Srimad Bhagvata Mahapurana: Book 6: Chapter 12: Verses 27-35
The demon, who was possessed of inordinate strength and extraordinary prowess and whose gigantic form was exceedingly tall, (now) stretched his lower jaw to the ground and extended the upper one to heaven; as though devouring (all) the three worlds (heaven, earth and the intervening space) with his mouth, deep as the sky, tongue fearful as the serpent's and teeth fierce as Death, nay, shaking mountains with (great) violence and pounding the earth under his feet like a huge mountain walking about, he went up to Indra (who was armed with his thunderbolt) and swallowed him with Airavata (that carried him on its back) even as a python would swallow an elephant. Seeing him devoured by Vrtra, the gods along with the lords of creation (Brahma and others) and eminent sages were seized with despair and exclaimed, "Ah, what a pity I" Though swallowed by Vrtra (the chief of the demons), and reaching his stomach, Indra did not die, protected as he was by Lord Narayana (the Supreme Person in the form of the armour-like Narayana-Kavaca) as well as by mystical powers and the powers of conjuration.
Ripping up his belly with his thunderbolt, and coming out (in this way), the powerful Indra (the slayer of the demon Bala) with (great) vigour lopped off the enemy's head like the top of a mountain. Though revolving with a quick speed, and cutting on all sides, the thunderbolt (of Indra) felled the neck of Vrtra in as many (three hundred and sixty) days as are taken by the northward and southward marches of (the sun and other) heavenly bodies, at the time appointed for the death of the demon. At that time drums sounded with a loud noise and the Gandharvas and Siddhas along with hosts of eminent sages joyously showered flowers on him, glorifying him with sacred hymns celebrating the prowess of the slayer of Vrtra. Issuing forth from the body of Vrtra in the form of an effulgence, O Pariksit (a chastiser of foes), the soul of Vrtra entered and merged into the Lord (who is beyond all the material worlds, while all the people (present there) looked on (with wonder).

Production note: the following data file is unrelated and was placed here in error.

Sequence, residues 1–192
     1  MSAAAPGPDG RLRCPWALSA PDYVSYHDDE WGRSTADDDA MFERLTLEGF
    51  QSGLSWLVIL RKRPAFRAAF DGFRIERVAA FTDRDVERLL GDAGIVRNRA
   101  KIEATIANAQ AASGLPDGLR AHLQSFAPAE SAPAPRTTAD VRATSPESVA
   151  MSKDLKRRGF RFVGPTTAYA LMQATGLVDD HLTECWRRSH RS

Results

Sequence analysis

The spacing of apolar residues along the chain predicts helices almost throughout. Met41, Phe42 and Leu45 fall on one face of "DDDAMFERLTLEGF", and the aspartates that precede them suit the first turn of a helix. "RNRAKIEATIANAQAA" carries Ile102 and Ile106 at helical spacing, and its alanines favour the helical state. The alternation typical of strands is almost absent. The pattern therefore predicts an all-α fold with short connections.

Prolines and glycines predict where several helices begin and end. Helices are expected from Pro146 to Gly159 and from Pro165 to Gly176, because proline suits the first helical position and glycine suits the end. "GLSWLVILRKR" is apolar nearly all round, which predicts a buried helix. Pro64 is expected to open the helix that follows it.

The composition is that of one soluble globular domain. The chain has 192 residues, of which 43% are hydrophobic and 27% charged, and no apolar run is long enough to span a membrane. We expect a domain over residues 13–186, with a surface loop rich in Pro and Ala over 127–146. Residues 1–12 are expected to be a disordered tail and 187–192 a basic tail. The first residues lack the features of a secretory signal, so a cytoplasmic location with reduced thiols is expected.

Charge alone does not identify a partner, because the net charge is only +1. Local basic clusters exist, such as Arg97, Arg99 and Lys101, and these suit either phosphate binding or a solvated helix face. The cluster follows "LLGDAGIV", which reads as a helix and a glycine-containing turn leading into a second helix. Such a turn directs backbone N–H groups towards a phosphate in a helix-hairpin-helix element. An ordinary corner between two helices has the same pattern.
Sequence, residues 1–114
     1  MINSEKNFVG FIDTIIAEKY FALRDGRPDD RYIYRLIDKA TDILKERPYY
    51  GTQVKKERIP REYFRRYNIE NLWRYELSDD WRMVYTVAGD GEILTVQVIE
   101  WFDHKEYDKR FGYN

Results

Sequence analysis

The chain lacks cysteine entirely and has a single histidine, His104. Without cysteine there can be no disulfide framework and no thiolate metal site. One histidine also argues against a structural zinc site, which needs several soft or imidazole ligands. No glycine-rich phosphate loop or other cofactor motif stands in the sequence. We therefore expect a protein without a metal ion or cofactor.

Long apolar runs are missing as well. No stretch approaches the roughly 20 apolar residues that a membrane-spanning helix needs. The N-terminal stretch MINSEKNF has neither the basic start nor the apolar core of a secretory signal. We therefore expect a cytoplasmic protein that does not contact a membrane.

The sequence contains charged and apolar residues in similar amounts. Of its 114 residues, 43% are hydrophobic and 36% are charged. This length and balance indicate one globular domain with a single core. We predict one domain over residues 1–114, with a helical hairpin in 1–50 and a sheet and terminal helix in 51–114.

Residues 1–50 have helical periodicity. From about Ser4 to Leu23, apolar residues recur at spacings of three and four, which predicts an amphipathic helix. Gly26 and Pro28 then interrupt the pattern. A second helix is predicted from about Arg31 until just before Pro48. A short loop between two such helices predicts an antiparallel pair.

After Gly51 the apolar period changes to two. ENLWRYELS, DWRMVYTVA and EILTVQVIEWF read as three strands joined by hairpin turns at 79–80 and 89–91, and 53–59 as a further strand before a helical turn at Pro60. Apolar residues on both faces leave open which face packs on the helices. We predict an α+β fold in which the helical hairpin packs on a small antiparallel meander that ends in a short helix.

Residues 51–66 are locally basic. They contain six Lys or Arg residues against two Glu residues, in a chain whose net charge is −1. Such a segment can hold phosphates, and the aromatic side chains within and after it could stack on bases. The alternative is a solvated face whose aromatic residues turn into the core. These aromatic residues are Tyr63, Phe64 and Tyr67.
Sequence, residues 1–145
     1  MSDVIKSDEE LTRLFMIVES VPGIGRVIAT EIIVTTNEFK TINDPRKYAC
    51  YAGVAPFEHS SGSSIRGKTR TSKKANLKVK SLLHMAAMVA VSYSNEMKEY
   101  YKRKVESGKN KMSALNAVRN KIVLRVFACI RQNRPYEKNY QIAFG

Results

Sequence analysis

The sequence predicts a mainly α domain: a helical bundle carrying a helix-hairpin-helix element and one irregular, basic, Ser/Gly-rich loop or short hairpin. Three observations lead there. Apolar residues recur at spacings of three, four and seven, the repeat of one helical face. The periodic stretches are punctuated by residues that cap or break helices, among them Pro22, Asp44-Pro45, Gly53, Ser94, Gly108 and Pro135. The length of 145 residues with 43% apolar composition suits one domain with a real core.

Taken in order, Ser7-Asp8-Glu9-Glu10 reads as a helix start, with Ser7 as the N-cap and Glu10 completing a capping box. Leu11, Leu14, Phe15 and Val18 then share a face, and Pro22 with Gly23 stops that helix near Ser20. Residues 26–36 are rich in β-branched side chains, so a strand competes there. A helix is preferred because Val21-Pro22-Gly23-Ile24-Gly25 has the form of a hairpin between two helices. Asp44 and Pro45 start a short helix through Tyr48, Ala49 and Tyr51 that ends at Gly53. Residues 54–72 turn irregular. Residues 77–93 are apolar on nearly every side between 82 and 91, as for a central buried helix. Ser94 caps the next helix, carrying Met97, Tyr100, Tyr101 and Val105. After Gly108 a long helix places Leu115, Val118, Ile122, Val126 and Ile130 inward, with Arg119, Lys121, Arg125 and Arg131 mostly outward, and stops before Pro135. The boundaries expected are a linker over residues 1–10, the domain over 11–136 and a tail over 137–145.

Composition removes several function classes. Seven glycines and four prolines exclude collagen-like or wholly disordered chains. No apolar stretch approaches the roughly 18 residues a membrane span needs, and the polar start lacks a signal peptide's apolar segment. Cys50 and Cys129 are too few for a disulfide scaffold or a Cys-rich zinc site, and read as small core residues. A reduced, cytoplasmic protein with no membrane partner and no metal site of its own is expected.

Thus ends the twelfth discourse entitled "Vrtra slain," in Book Six of the great and glorious Bhagavata-Purana, otherwise known as the Paramahamsa-Samhita.